Playing Guitar with Arthritis arthritic hands

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Playing guitar with arthritis is something a lot of people have trouble with.

Arthritis is a disabling condition that affects the joints of the body, causing stiffness and pain. Some types of arthritis can cause the joints to become disfigured. 

In the United States alone, 23% of adults suffer from some form of arthritis. For guitar players, arthritis in the fingers, hands, and wrists can be painful and can sometimes prevent them from playing their instruments. 

Some people mistakenly believe playing the guitar with arthritis is going to make the condition worse. Thankfully, there is no scientific evidence to back up these claims. In fact, many people believe their arthritis pain is relieved by playing guitar. 

Table of Contents

There Are Two Main Types of Arthritis.

Rheumatoid: Rheumatoid arthritis is an autoimmune condition. People with RA have healthy joints, but their immune systems attack their joints as if they are a threat to the body. RA sufferers can experience painful flares, followed by periods of remission. 

Osteoarthritis: Osteoarthritis is a degenerative condition. This type of arthritis occurs as the cartilage between bones becomes worn down, causing the bones to rub against one another. This condition can develop because of injuries, excess weight, and genetics.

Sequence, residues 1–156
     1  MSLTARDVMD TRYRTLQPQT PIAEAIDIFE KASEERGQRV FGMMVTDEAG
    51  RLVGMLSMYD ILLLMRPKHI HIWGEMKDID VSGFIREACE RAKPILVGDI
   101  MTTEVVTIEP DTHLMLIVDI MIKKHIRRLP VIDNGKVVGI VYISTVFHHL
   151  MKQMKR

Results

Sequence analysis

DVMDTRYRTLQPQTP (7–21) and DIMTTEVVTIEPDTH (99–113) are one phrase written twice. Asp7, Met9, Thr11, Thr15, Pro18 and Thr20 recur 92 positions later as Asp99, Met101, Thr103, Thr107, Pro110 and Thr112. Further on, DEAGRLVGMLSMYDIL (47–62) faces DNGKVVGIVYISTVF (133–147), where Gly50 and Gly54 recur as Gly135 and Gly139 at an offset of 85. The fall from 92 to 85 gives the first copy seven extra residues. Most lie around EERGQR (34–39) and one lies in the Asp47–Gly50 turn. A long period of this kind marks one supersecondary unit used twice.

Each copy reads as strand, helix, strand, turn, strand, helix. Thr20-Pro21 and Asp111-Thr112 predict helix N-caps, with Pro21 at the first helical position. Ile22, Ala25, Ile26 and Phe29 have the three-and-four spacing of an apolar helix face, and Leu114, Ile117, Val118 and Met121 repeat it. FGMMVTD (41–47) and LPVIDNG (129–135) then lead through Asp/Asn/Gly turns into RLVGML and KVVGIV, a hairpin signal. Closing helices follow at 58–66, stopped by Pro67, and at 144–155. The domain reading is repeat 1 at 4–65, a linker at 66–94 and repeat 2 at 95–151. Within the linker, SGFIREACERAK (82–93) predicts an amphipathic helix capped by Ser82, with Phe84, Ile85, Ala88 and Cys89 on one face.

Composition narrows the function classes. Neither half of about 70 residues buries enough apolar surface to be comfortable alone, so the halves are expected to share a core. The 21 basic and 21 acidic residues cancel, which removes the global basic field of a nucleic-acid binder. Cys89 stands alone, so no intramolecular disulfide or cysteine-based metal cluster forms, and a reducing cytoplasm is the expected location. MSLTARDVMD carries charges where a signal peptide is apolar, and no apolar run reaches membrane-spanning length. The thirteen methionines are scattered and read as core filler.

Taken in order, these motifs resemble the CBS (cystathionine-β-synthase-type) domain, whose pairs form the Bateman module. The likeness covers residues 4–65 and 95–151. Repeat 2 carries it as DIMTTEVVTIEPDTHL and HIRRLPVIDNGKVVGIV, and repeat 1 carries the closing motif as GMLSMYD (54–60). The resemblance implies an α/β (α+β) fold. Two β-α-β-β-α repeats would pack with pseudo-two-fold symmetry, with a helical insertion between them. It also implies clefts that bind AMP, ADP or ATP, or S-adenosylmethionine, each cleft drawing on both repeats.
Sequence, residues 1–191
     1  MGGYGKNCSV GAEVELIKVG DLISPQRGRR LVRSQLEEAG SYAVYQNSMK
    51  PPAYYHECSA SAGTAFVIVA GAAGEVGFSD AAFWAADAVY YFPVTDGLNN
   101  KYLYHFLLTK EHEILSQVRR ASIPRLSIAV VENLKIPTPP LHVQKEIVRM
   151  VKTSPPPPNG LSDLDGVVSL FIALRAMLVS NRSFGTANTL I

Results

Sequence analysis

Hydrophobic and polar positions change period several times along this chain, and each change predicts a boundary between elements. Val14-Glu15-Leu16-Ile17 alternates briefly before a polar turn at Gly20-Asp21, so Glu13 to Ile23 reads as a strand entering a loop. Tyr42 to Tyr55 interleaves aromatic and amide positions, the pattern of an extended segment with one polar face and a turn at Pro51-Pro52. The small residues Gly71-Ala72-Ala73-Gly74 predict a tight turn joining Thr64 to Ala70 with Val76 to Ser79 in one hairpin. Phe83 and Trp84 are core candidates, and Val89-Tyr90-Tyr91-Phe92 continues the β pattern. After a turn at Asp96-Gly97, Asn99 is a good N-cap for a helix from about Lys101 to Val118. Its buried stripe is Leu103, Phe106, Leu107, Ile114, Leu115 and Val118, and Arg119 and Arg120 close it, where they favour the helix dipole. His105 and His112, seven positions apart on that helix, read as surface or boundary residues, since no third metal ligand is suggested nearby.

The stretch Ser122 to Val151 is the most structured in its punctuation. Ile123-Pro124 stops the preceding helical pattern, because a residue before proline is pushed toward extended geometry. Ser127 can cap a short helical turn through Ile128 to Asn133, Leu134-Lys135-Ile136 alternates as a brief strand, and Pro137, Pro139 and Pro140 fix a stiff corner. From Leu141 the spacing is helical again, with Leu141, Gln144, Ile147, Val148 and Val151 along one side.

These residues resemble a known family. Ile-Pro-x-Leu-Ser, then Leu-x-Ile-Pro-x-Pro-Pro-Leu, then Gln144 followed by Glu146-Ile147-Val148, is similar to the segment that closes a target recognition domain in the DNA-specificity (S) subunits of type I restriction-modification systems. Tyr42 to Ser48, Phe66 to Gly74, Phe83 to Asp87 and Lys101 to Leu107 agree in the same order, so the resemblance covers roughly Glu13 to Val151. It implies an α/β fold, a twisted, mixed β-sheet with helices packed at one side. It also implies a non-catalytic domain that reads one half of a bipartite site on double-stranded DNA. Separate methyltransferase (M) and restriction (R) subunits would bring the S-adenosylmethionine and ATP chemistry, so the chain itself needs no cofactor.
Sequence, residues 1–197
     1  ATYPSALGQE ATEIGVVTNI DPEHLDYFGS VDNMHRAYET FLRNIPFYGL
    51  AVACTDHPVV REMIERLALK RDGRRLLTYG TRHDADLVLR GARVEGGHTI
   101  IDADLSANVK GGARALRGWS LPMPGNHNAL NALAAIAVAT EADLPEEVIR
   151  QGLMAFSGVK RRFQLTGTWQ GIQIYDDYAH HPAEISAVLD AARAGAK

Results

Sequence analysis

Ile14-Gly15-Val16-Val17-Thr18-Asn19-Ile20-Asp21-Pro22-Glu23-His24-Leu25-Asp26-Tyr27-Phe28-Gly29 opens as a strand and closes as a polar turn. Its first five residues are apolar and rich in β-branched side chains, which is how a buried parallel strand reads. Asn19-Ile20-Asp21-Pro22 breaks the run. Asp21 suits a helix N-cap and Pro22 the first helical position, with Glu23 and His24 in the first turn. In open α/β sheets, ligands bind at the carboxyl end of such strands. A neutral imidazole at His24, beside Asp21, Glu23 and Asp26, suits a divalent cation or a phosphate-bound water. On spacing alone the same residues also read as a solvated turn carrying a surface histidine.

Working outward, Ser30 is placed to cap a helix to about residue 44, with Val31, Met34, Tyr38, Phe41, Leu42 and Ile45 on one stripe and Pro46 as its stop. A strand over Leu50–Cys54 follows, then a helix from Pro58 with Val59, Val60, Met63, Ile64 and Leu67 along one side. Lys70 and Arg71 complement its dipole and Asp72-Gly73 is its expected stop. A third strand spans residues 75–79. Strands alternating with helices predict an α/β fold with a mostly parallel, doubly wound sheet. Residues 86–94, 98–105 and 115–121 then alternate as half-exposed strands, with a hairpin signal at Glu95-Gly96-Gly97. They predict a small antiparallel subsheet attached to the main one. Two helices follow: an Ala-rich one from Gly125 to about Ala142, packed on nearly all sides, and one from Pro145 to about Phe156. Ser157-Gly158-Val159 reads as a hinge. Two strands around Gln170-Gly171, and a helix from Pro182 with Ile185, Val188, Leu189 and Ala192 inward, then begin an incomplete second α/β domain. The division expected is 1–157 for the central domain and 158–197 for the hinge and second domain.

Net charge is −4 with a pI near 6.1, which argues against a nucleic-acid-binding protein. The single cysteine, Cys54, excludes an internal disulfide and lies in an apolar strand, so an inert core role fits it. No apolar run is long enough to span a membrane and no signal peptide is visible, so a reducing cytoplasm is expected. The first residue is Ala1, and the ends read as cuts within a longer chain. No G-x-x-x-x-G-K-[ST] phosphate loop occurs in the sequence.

Playing Guitar with Arthritis - Everything You Need To Know
Playing Guitar with Arthritis

Thankfully, no matter what type of arthritis you suffer from, playing guitar with arthritis is possible, even if you have never played before. Those who only have mild arthritis can play normally, for the most part. People with a more severe form of arthritis may need to modify their playing style or use special tools that are made for those with arthritis. 

Playing Guitar for Arthritic Hands- Top Tips

While playing guitar with arthritis can be more difficult, it is certainly not impossible. Here, I will share some of the top tips that can help you overcome the pain and stiffness and continue to enjoy playing guitar or get started learning for the first time.

Prepare Yourself

One of the biggest mistakes individuals make when it comes to playing guitar with arthritis is jumping right in without preparing themselves first. Trying to play guitar when your fingers and hands are stiff can be frustrating. 

It is important to warm the fingers and hands before attempting to play. Soaking your hands in warm water or using a warming muscle rub can help improve blood flow to the hands. When your hands and fingers are cold, they are going to be stiffer and harder to move. 

You should practice gentle stretches to loosen your fingers. If you take pain medication for your arthritis, taking it before playing can help to calm the pain and improve your playing. 

It is helpful to play in a controlled environment. Too much humidity and cold can cause pain and stiffness. Keeping the room warm and dry will help you play the guitar more comfortably. 

Finally, it is also essential you sit in a comfortable chair, with the correct posture. Slouching places pressure on your spine, which can cause pain throughout your body, making arthritis symptoms worse. Sit up nice and straight and keep your body relaxed. 

Adapt Your Playing Style

Playing Guitar with Arthritis arthritic hands